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LATENT DEFECTS AND THE VOETSTOOTS CLAUSE

Banda and Another v Van der Spuy and Another (08/5489) [2011]. ZAGPJHC 126 (23 September 2011)

Latent defects and the voetstoots clause were again under the spotlight in this recent court case.

The facts of this case were as follows: the purchaser purchased a house with a thatch roof from the seller. The sale was voetstoots. Shortly after the purchaser took occupation there were heavy rains and the roof leaked. The purchaser instructed a thatch roof expert to inspect the roof and quote on the cost of repairs. The expert advised that the roof structure was incorrectly engineered and was so structurally unsound that the roof could not simply be repaired and that the entire roof should be replaced. The cost of replacement was R350,000.00. The purchaser sued the seller who defended the action.

The purchaser claimed that the seller was aware of the defect at the time of the sale. The evidence showed that the seller and his agent had disclosed to the purchaser (prior to the sale) that the roof had previously leaked and that repairs had been effected to remedy the leak.

The roof leaked for the first time since the repairs after the purchaser took occupation. The purchaser claimed that although the leak had been disclosed to him by the seller, the seller was aware that the roof was structurally unsound and that the previous repairs had only been a “temporary fix”. In other words the purchaser claimed that the seller had concealed the full extent of the defect from him and had only made partial disclosure. The seller denied this. The purchaser was unable to prove that the seller was aware of and had concealed the full extent of the roof defect. The court accepted the seller’s version that he had employed a roofing contractor to repair the roof and that as far as he (the seller) was concerned the roof had been properly repaired.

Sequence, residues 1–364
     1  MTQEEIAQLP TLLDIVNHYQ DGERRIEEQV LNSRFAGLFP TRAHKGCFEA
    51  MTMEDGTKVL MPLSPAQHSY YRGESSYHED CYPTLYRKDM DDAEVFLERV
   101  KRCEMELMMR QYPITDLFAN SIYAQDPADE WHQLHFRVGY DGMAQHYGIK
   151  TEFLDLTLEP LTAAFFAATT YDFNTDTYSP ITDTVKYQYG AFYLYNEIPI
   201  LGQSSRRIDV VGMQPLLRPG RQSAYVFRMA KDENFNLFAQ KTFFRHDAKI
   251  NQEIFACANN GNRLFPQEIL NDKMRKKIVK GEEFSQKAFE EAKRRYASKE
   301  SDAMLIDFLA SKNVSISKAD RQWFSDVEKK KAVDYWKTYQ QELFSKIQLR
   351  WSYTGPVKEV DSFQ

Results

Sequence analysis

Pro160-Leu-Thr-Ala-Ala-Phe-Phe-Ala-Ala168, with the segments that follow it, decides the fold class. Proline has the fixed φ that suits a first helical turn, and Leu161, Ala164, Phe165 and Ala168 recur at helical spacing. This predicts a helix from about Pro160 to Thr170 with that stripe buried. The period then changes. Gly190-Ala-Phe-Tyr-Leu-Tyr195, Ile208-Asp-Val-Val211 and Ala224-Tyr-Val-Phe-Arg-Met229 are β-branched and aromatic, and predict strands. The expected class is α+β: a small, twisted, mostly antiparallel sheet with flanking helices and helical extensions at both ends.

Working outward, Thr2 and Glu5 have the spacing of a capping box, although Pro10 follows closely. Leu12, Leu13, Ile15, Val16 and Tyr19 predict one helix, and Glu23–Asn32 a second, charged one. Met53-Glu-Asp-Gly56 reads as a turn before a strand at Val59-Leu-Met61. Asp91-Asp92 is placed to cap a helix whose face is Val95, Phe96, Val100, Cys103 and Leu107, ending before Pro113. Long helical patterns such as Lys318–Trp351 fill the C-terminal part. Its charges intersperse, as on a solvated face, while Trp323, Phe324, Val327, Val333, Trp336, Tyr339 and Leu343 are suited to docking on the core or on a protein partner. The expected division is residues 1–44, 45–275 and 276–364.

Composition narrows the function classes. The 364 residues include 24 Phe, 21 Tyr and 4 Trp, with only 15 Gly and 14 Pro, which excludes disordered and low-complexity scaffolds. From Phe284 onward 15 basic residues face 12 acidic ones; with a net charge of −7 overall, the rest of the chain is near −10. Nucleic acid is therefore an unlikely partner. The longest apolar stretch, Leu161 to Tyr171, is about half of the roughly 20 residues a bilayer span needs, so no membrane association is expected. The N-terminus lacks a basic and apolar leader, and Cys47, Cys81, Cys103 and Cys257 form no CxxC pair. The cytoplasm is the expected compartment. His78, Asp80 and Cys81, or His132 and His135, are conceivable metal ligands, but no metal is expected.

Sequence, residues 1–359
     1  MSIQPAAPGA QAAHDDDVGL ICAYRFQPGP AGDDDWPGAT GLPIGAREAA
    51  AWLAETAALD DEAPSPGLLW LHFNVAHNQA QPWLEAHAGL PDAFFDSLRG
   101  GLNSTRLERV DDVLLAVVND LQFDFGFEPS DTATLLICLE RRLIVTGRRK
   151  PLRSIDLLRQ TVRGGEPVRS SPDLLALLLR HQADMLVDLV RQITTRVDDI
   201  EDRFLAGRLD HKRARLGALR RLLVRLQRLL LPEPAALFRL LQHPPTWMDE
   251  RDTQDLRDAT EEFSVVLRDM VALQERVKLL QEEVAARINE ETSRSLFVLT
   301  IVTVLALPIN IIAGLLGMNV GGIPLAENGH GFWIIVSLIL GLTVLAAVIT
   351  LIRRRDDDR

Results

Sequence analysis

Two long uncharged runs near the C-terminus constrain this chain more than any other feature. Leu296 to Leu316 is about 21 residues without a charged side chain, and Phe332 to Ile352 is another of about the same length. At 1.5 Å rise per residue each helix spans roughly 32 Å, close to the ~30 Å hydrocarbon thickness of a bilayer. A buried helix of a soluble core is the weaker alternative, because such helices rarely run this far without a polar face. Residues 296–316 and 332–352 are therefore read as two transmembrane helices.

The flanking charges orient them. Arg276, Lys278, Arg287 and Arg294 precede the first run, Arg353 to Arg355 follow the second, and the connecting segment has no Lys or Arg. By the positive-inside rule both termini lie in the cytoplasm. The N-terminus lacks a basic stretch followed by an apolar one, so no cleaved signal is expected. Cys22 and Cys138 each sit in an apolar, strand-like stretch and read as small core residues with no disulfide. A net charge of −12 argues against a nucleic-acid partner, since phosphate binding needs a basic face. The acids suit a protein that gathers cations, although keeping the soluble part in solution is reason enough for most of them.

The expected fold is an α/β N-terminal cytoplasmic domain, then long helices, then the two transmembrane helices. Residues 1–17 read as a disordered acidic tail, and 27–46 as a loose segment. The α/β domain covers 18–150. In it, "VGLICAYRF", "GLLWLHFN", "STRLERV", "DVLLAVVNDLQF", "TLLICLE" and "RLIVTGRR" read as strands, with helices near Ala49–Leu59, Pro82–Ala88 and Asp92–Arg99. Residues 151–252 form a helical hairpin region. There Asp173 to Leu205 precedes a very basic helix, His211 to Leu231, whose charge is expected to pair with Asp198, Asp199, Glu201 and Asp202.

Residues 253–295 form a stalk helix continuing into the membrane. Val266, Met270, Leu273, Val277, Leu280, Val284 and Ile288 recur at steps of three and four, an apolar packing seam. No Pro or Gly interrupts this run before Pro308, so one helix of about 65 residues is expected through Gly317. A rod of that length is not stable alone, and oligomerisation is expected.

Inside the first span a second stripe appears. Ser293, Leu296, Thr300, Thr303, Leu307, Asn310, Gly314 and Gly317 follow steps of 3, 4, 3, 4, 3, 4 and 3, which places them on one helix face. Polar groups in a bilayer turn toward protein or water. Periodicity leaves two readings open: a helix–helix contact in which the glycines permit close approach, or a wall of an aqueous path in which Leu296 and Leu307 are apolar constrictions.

Regarding claims for latent defects each case must of course be judged on its own facts and merits. However, if a property is sold voetstoots (as they always are) the purchaser who wishes to claim against a seller for a latent defect (leaking roof, damp, structural problems etc.) will have to prove two things: firstly that the seller was aware of the defect at the time of the sale; and secondly that the seller concealed the defect from the purchaser with the intention of defrauding the purchaser. The purchaser in the Banda case could not prove the above and his claim failed.


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